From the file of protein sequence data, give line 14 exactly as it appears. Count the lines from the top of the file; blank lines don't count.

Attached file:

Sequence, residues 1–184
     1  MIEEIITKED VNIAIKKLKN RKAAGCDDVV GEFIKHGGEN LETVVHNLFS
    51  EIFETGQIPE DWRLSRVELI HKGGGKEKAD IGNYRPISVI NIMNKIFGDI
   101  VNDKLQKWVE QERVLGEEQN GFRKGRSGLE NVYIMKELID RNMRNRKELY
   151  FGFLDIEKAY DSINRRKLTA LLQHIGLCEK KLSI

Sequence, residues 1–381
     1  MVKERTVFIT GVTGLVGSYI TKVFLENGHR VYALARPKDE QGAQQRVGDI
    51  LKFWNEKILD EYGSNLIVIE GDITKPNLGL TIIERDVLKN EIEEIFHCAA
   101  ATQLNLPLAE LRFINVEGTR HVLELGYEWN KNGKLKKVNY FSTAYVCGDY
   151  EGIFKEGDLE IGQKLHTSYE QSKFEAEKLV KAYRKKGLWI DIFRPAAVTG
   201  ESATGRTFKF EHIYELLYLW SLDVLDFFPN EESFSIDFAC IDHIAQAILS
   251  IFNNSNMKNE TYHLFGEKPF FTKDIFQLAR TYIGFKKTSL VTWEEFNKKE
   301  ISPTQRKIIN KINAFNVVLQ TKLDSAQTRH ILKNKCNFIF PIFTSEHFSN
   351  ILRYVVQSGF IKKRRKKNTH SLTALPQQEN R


   351  ILRYVVQSGF IKKRRKKNTH SLTALPQQEN R